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On the Chrysler restructuring

by the webmaster of chryslertakeover [now defunct]

One year ago, the Chrysler "turn-around" plan was announced. The biggest headline-grabber was the news of 26,000 North-American job cuts, the result of closing several manufacturing plants and eliminating shifts at most of the remaining facilities.

Next, Chrysler informed its suppliers that they expected 5% price cuts within two months, and another 10% soon afterwards. (Of course, a few of these suppliers told Chrysler where they could stick their price cuts.)

Then the boys from Stuttgart revealed that Mitsubishi would soon be handling future small and mid-size vehicle development. Forty percent of problem-plagued, debt-ridden Mitsubishi was the latest Daimler purchase, and investors demanded that this square-peg be forced into the DaimlerChrysler empire in some manner, regardless of Mitsubishi's traditional lack of appeal in North America and their often worst-in-class vehicle quality.

In June, the Chrysler Group's established "value" brand, Plymouth, faded away. Any lost sales were to be picked-up by cheapened versions of Chrysler and Dodge brand vehicles [webmaster note: evidence indicates this did not happen]. Recently, DCX has allowed dealers to combine Chrysler and Dodge vehicles within one dealership, which will likely eliminate the need for Dodge passenger cars and allow dealers to use their old real estate to market competitive brands.

Several other vehicle models are either killed-off or placed on the endangered species list: Jeep Cherokee, Chrysler LHS, Chrysler Prowler, and Dodge vans. Chrysler's SUV-crossover entry is further delayed in an attempt to remove thousands of dollars from its expected retail price. The new LX sedans are delayed while engineers try to accommodate more Mercedes-Benz components. All of this adds up to no new products, until model year 2004.

In September of 2001, Chrysler's chief executive Dieter Zetsche, responding to Chrysler's ever-shrinking market share, declared, "I've said recently, again and again, I would like to get out of this lifeboat of the big three, because this is kind of a general characterization that overall is not very positive," and that "If Toyota becomes one of the big three, good luck and that's fine." While the company claims to have met its "turnaround" cost reduction goals, it admits that revenues have fallen short of targets.

Naturally, DCX lays blame on the September 11th terrorist attacks, without noting that the previous nine months have all shown similar downward sales and revenue trends. The bright spot amongst all this gloom is supposedly the announced production of Chrysler's Crossfire concept, an oddly styled 2-seater "image" coupe. While the company first hinted the vehicle would be produced at its Viper assembly plant in Detroit, MI, finalized plans call for the car to be built in Germany.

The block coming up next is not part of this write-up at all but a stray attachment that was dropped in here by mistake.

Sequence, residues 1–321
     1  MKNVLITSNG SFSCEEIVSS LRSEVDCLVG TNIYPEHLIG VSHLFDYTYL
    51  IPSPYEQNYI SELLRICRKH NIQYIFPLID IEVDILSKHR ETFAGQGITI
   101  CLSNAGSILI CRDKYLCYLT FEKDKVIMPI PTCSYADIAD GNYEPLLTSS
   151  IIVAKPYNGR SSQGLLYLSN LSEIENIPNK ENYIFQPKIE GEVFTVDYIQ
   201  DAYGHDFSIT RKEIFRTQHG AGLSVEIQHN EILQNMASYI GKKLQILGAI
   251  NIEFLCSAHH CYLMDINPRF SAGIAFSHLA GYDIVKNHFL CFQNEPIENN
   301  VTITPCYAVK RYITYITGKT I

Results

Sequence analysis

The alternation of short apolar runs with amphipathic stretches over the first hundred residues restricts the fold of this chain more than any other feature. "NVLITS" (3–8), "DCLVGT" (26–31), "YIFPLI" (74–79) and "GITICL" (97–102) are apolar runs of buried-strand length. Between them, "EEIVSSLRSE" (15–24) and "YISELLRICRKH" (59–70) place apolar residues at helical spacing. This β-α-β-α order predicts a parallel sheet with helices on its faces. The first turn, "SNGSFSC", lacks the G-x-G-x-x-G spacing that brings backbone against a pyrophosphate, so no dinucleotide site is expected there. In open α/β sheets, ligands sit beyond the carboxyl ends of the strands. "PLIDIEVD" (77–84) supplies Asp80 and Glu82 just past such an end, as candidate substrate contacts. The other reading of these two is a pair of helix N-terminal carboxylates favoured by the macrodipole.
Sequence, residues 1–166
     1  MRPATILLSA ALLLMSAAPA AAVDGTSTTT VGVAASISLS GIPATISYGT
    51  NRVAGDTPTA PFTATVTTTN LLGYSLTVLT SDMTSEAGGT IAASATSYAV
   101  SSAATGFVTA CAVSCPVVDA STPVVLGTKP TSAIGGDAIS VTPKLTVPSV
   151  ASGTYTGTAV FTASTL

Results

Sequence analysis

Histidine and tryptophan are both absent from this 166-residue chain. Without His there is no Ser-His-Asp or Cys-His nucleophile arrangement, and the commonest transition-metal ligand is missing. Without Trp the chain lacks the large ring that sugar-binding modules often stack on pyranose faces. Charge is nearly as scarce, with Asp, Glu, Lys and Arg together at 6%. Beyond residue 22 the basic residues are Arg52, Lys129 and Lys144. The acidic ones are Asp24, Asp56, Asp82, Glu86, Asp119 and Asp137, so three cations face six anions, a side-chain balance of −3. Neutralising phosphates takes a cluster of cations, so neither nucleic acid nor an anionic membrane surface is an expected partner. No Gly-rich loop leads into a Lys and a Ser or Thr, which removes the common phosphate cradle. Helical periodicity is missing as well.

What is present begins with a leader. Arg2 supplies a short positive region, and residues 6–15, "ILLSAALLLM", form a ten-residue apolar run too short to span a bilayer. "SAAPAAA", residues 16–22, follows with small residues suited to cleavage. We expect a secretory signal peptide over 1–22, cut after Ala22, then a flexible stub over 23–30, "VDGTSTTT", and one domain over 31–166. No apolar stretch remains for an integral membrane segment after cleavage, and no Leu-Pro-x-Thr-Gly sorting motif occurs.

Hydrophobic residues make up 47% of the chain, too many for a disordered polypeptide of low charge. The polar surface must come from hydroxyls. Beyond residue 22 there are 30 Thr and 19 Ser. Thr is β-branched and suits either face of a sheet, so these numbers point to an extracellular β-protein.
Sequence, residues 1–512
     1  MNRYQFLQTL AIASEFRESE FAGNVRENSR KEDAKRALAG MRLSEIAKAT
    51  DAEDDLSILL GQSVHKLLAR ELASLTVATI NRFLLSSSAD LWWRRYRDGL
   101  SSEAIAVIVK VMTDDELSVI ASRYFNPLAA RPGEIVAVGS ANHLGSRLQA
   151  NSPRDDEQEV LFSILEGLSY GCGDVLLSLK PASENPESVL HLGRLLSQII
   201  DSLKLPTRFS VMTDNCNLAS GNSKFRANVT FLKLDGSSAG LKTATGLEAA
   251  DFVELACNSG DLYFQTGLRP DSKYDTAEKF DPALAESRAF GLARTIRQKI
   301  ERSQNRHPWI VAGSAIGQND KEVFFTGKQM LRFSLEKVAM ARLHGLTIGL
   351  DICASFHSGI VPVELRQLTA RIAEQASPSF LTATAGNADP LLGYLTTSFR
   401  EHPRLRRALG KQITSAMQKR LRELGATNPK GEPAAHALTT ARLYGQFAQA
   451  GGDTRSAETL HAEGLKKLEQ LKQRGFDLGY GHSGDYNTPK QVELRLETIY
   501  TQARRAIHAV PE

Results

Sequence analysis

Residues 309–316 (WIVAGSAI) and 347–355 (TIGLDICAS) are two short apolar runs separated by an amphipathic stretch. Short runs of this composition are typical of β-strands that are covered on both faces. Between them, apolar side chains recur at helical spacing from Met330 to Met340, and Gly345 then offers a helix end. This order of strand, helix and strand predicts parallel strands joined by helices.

Chrysler marketing VP Jim Schroer told a captive audience in Auburn Hills that building the car in Germany, largely from Mercedes parts, would ensure its quality. Ironically, this was said during a sales and marketing presentation intended to boost employee "pride-in-product". In the opinion of many, the Crossfire is nothing more than an arrogant ego-booster, draining precious cash and resources from Chrysler's slow-selling mainstream products. Some Chrysler dealers, already tired of selling low-volume niche cars, don't even want the hassle associated with selling "a" Crossfire. In that same Jim Schroer pride-in-product meeting, we were told that the Chrysler Concorde was considered by less than 1% of large-car shoppers. The response has been a calculated, tacky "shock" ad campaign which resulting in the Concorde ad being pulled. Expect more of the same.

But at least they're trying. That's more than can be said for Chrysler's newest passenger-cars, the Sebring and Stratus twins, which have been off to a terrible sales start. One can only speculate that these very much-improved new sedans will be barely noticed by the buying public and allowed to become stale, while the real emphasis is placed on their Mitsubishi-based replacements. We'll likely see the same scenario for the small-car platform's Neon sedan.

I would ask, "Does any of this sound like a turnaround plan?" or is it simply ham-fisted cost cuts, which do not address a goal of increasing sales and revenue?

Chrysler has only recently begun to address its terrible advertising, and the new ads are still soft-sell gimmicks. In a previous era, Chrysler at least had the guts to compare its products one-on-one against whichever product was the current "gold standard." Hell, compare a Dodge Stratus to a Honda Accord, at least this way someone might know the Stratus existed!

In the past year, the Chrysler has not so much as re-styled a taillight in an effort to freshen its mainstream products. With a company that considers itself above special financing/rebates, doesn't care about market share, and does nothing to increase showroom traffic, is it any wonder that many Chrysler dealers resort to shady tactics just to earn a buck? Sad, but true! While the boards of directors at Ford and GM have recently given the boot to ineffective, incompetent management under shareholder pressure, DaimlerChrysler's slow moving board of management rewards failure and extends Jurgen Schrempp's contract! Germany's largest bank, along with the Kuwaiti oil sheiks that effectively own DCX, can sit pat and watch the whole thing fail. The only thing that will save Chrysler (and the jobs that go with it) will be actions from its employees.

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